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October 15-17, 1999
SECTION FOUR vol 10, no. 197
Events this weekend in Church History
Sunday is the 87th anniversary of the birth of John Paul II's predecessor Pope John Paul I who was born Albino Luciano in 1912 in Belluno, Italy and chose the name John and Paul both to honor his two predecessors. Cardinal Karol Wojtyla honored them as well as his immediate predecessor by taking the same name. For other time capsule events that happened in Church history from October 15th through October 17th, click on MILLENNIUM MILESTONES AND MEMORIES
Historical Events in Church Annals for October 15:
Death of Pope Urbanus VI, 202nd successor of Peter whose pontificate lasted eleven and a half years. He was the first Pope to be elected by a conclave held in the Vatican after the seventy years captivity in Avignon. Yet, he could not avoid the creation of antipopes at Avignon and this brought about the Western Schism which would last forty years. Many believe the weight of this sorrow bore heavily on his death.
First day of the new Gregorian Calendar which was introduced in Italy and other Catholic countries. In order to make the transition from the old Julian Calendar to the new one authored by Pope Gregory XIII it was necessary to eliminate ten days. Thus, when people went to sleep on the night of the 4th in 1582, the next day they woke up was October 15th.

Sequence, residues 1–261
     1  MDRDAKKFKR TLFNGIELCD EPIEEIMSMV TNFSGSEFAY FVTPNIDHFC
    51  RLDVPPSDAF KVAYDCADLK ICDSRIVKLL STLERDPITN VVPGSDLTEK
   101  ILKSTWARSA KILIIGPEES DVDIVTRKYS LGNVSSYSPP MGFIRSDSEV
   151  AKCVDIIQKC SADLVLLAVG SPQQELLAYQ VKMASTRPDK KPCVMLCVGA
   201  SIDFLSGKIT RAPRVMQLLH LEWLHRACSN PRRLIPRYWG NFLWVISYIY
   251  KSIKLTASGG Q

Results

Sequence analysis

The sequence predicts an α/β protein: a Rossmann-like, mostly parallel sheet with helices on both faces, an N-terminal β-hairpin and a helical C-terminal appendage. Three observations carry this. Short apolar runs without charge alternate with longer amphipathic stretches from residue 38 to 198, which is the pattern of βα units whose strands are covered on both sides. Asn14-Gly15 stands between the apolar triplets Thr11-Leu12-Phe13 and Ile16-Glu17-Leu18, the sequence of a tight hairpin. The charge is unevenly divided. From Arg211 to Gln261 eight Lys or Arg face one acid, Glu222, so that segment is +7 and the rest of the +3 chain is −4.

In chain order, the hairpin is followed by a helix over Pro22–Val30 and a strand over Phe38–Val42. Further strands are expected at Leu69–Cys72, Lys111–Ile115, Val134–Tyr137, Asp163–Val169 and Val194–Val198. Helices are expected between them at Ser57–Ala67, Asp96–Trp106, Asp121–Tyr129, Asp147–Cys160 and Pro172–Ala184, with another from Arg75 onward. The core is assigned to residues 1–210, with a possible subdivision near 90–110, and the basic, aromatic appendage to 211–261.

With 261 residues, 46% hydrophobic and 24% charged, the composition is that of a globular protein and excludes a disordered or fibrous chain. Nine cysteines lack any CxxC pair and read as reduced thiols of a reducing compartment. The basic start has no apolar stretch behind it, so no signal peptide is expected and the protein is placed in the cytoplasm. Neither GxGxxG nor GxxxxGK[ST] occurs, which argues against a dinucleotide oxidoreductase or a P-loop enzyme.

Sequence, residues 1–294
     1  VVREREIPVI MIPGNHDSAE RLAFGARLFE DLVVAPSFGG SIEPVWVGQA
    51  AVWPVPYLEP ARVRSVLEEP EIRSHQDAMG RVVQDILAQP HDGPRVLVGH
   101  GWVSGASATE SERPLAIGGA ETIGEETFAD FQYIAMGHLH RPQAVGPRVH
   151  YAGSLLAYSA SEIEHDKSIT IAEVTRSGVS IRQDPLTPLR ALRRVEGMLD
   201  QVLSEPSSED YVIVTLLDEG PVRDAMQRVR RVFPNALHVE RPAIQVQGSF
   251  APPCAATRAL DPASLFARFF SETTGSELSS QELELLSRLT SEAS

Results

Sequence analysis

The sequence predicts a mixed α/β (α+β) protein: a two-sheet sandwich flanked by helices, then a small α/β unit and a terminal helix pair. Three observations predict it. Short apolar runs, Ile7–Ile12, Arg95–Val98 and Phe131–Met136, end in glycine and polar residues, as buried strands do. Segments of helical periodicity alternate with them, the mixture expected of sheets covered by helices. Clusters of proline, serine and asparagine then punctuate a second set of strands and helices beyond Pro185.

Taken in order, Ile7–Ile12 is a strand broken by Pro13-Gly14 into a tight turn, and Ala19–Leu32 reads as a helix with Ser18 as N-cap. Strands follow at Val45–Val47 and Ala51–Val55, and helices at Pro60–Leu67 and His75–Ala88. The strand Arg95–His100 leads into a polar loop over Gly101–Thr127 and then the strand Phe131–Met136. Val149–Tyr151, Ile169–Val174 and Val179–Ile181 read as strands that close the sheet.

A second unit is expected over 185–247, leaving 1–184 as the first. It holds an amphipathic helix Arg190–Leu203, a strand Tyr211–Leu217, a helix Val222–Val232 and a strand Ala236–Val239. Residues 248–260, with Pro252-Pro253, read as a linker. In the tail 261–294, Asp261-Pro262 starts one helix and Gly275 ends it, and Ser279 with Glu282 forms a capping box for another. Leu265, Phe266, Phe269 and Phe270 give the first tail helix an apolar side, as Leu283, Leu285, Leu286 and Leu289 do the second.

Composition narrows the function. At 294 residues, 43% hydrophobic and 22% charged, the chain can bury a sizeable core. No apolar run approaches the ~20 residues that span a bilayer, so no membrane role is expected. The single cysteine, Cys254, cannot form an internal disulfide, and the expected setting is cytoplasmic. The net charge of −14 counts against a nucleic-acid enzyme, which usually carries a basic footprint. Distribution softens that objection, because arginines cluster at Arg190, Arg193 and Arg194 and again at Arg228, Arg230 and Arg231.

Death of Saint Teresa of Jesus from Avila, Spain who was so instrumental in reforming the Carmelites and spurring on Saint John of the Cross to do the same for the priests. For more on this first female Doctor of the Church, see THIS WEEKEND'S LITURGY.
Pope Leo XIII issues his encyclical Dall' alto Dell' Apostolico seggio intended primarily to the Italian bishops and their flocks on the evils of Freemasonry.
Pope John Paul II issues his 13th encyclical Fides et Ratio on the eve of his 20th anniversary in which he deals with "Faith and Reason" covering issues which many call his "last will and testament" on the fundamental questions of human existence.